Libya and the Franco-Italian rivalry
In North Africa, France and Italy share vital national interests on migration, terrorism and energy. Yet profound differences on tackling these issues – rooted in history and leadership styles – has put them in direct competition, and even led to a diplomatic crisis earlier this year. Nowhere is the rivalry more visible than in Libya, where it is delaying a resolution to that country’s civil war.
Opinion: The overhauled but directionless Franco-German tandem
When French President Emmanuel Macron and German Chancellor Angela Merkel signed a new Franco-German treaty in Charlemagne’s old imperial capital of Aachen earlier this year, the outcome was underwhelming. The ambitious goals that were set also seem entirely unrealistic, given the countries’ increasing divergence on policy. That means fears of a dominant Franco-German tandem in the EU are unfounded, but so are hopes that it will lead the bloc out of its current doldrums.
A year of change for the European Union?
The European Union, which still lacks a post-Brexit vision of itself, will be changing the leadership of almost all its leading institutions over the next few months. Candidates are already jostling for position to take over at the European Commission and the European Central Bank, and surprises could be in store. With non-mainstream parties likely to gain seats in the May European Parliament elections, the EU-27 seems headed for even less harmony and more dissension.
2019 Global Outlook: The volatile Moscow-Kiev-Brussels triangle
In 2019, the geopolitical interplay between Russia, Ukraine and Europe will depend on their leaders. In Russia, President Vladimir Putin will have to decide whether to continue his assertive foreign policy. In Ukraine, the presidential election could bring the mercurial Yulia Tymoshenko to power – how she will deal with the war in the east remains a mystery. In Europe, the Franco-German alliance is losing traction. Rifts in the EU will deepen, making it impossible to present a united front on the challenges Russia and Ukraine present.
2019 Global Outlook: Economic reform in France
Another year, another missed opportunity for fiscal reform in France. Like his predecessors, President Emmanuel Macron has ended up mostly raising taxes instead of decreasing the size of government and reducing expenditures. The “national dialogue” to come following the Yellow Vest protests could bring better democratic representation – and with it, more economically responsible governance. But entrenched interests will put up stiff opposition.
2019 Global Outlook: Europe’s year of living dangerously
There are plenty of signs of trouble ahead for the European Union in 2019. Unstable leadership, rampant populism, strikes and demonstrations, migration disputes, security challenges, Brexit, an economic slowdown and the makings of another financial crisis are just a few of the challenges that await. For EU institutions, perhaps the biggest test will come with the European Parliament elections in May, which could overturn the grand coalition that has governed the bloc since the 1980s.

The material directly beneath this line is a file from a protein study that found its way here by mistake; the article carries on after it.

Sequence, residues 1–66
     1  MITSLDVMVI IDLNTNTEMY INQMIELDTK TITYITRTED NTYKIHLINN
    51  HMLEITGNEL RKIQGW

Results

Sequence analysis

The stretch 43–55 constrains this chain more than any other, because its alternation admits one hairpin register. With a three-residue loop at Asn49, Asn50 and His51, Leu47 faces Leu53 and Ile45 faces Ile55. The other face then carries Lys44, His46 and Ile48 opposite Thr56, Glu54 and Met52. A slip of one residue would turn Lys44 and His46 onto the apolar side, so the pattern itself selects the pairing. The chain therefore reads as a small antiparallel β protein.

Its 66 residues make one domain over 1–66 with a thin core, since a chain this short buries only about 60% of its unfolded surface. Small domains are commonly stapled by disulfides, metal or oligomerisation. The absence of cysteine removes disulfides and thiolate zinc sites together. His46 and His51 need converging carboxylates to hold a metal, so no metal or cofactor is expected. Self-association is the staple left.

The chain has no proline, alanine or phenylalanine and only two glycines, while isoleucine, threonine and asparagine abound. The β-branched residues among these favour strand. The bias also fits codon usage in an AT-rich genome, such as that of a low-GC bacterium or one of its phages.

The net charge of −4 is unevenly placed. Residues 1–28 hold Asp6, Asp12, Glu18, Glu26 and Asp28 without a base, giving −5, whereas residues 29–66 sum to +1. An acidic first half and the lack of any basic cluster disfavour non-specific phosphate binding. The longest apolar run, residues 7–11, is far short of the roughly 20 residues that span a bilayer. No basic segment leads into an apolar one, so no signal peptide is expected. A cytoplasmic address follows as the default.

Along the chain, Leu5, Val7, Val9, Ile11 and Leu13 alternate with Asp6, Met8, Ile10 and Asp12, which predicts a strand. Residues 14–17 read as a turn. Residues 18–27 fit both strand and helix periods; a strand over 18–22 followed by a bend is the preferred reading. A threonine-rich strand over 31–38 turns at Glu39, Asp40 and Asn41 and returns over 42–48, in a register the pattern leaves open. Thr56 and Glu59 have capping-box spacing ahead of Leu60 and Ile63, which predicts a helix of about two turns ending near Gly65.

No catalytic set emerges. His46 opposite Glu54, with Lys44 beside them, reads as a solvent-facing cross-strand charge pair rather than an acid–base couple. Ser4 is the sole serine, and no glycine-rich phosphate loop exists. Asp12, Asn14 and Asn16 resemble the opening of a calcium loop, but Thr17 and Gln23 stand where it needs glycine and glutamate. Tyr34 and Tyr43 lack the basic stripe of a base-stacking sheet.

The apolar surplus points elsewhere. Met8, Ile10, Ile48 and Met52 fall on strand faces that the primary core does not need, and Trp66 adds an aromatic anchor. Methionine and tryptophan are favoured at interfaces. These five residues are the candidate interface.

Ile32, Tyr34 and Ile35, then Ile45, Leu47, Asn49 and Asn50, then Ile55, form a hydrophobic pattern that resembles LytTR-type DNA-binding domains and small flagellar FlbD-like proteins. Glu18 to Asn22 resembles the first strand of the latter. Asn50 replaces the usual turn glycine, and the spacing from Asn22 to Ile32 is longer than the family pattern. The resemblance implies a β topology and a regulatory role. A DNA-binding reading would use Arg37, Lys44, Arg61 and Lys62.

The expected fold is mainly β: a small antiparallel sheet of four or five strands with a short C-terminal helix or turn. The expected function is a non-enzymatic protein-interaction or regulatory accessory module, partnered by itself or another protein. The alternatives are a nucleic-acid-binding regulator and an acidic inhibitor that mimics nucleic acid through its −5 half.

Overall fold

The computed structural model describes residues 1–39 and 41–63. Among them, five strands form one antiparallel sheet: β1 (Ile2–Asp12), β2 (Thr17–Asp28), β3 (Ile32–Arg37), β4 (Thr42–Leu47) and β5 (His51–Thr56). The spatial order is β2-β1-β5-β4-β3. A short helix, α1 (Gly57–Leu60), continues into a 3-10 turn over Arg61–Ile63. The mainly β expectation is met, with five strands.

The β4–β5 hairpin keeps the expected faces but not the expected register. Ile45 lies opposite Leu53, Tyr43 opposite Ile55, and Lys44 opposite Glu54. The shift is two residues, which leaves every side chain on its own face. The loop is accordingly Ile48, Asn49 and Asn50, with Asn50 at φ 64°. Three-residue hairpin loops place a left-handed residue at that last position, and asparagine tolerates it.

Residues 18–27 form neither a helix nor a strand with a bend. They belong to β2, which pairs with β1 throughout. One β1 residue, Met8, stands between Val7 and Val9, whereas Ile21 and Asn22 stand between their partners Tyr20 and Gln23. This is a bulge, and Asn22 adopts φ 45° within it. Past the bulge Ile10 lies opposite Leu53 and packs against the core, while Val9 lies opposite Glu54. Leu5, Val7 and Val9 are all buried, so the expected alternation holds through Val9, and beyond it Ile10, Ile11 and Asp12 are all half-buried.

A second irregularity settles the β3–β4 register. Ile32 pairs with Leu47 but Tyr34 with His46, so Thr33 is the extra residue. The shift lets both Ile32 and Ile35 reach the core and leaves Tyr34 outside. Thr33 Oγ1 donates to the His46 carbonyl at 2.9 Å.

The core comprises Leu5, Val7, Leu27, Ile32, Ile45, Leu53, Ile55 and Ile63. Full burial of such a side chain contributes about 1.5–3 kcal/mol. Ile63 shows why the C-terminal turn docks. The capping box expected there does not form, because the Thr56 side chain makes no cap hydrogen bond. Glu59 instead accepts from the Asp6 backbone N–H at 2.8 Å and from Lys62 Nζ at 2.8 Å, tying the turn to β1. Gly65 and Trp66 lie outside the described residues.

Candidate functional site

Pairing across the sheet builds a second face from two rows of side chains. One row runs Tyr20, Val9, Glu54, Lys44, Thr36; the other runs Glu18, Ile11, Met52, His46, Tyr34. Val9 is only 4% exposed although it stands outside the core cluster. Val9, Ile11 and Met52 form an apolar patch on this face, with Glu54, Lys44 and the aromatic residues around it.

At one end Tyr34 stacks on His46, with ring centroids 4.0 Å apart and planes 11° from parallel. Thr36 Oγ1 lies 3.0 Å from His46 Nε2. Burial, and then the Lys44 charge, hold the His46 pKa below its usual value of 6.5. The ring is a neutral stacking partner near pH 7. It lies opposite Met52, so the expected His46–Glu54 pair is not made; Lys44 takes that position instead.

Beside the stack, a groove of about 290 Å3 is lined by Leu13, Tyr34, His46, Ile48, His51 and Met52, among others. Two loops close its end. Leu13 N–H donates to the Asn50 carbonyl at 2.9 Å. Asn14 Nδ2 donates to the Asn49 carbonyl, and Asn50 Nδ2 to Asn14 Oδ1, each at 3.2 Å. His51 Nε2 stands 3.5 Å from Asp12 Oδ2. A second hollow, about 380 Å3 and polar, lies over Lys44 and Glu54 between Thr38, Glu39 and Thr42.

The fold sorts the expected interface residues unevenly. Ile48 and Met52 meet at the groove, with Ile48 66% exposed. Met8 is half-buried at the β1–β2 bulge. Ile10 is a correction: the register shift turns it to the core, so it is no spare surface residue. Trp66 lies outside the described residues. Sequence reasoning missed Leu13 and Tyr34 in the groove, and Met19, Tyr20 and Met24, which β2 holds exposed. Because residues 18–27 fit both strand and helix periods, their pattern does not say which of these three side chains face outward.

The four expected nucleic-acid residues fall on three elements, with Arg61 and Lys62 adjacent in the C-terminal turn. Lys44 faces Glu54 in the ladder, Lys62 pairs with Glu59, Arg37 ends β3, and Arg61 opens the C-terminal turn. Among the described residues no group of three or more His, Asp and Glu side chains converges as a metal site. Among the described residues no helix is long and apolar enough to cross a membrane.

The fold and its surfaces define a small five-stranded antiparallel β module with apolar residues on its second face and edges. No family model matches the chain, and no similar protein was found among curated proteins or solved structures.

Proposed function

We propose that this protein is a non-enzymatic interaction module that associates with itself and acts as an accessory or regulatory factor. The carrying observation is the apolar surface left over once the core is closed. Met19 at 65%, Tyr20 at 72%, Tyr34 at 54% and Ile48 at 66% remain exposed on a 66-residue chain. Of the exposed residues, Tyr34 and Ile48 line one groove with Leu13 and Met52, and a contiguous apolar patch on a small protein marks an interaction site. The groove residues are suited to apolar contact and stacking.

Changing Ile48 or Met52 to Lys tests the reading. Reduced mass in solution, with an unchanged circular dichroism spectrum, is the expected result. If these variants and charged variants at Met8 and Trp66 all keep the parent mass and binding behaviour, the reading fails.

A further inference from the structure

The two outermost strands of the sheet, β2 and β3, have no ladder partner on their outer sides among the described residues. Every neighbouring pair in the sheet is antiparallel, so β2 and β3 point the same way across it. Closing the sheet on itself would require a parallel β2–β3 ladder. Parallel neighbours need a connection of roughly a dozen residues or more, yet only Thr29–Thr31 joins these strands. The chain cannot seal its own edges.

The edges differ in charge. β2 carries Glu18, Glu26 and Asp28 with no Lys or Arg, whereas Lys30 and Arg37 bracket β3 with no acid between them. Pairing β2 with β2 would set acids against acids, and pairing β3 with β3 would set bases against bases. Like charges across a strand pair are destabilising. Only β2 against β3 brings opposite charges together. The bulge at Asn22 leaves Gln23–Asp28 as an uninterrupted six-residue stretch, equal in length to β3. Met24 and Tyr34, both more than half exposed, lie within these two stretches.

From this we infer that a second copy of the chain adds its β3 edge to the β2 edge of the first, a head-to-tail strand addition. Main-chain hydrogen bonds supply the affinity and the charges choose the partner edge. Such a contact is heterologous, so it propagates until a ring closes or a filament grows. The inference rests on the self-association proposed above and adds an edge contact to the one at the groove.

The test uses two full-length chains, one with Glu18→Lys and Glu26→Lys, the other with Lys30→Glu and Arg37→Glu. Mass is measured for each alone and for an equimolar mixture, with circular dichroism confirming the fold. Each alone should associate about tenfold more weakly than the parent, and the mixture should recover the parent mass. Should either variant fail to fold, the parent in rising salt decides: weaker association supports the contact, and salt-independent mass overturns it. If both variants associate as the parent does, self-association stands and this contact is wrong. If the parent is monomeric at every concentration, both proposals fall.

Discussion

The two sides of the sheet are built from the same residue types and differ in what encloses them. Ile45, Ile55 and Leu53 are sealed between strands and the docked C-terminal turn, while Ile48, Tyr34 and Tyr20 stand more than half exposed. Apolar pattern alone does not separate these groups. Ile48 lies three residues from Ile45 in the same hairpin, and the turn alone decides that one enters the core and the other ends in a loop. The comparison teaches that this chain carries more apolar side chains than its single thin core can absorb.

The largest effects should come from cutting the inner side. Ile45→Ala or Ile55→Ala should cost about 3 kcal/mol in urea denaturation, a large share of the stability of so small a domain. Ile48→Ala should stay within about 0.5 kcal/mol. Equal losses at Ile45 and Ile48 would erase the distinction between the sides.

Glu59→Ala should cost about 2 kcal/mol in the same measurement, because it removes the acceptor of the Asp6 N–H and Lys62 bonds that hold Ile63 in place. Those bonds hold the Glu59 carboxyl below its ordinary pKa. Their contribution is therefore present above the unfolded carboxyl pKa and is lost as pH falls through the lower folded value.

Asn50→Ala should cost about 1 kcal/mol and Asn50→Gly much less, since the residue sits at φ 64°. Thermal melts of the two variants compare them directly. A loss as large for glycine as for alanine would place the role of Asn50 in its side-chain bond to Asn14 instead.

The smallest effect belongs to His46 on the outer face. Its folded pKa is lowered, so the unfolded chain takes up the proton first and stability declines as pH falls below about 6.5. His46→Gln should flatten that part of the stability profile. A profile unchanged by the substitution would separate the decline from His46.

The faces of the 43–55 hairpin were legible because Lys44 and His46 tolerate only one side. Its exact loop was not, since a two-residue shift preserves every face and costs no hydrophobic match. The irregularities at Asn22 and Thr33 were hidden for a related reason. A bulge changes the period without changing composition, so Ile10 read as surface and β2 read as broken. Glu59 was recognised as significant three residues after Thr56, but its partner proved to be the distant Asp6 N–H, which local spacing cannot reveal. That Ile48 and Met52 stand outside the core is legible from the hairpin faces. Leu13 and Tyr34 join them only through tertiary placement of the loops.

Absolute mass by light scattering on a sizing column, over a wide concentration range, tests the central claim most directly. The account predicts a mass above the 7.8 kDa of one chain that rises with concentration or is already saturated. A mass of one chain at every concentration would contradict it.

Opinion: Yellow Vests are a symptom of France’s dysfunctional democracy
With the Yellow Vest protests, France has finally fractured between its metropolitan areas and a resentful low-wage periphery. What started as a tax revolt has become a diffuse and unstructured uprising against an unaccountable ruling caste. Many of the movement’s demands would only perpetuate France’s administrative and social centralism, yet its appearance shows that this political model may no longer be sustainable.
GIS Dossier: Angela Merkel
When Angela Merkel finishes her term as German chancellor in 2021, it will mark the end of an era. Love her or hate her, this shrewd political operator has had a huge impact on Germany, Europe and the wider geopolitical scene. This GIS Dossier compiles our experts’ analysis of her policies and the effects they have had across the globe.
Migration and Europe
Judging by the declining numbers of new migrants, Europe is no longer facing an acute immigration crisis. But you would never know it from the decision by the European Council in June to set up holding camps for asylum seekers. Instead, the get-tough policy of EU leaders is increasingly driven by domestic political pressures.
Redressing the European position
In urging Europe to become stronger, politicians like French President Emmanuel Macron and German Foreign Minister Heiko Maas are right. But their statements sound more like expressions of defiance toward Washington than serious declarations of intent.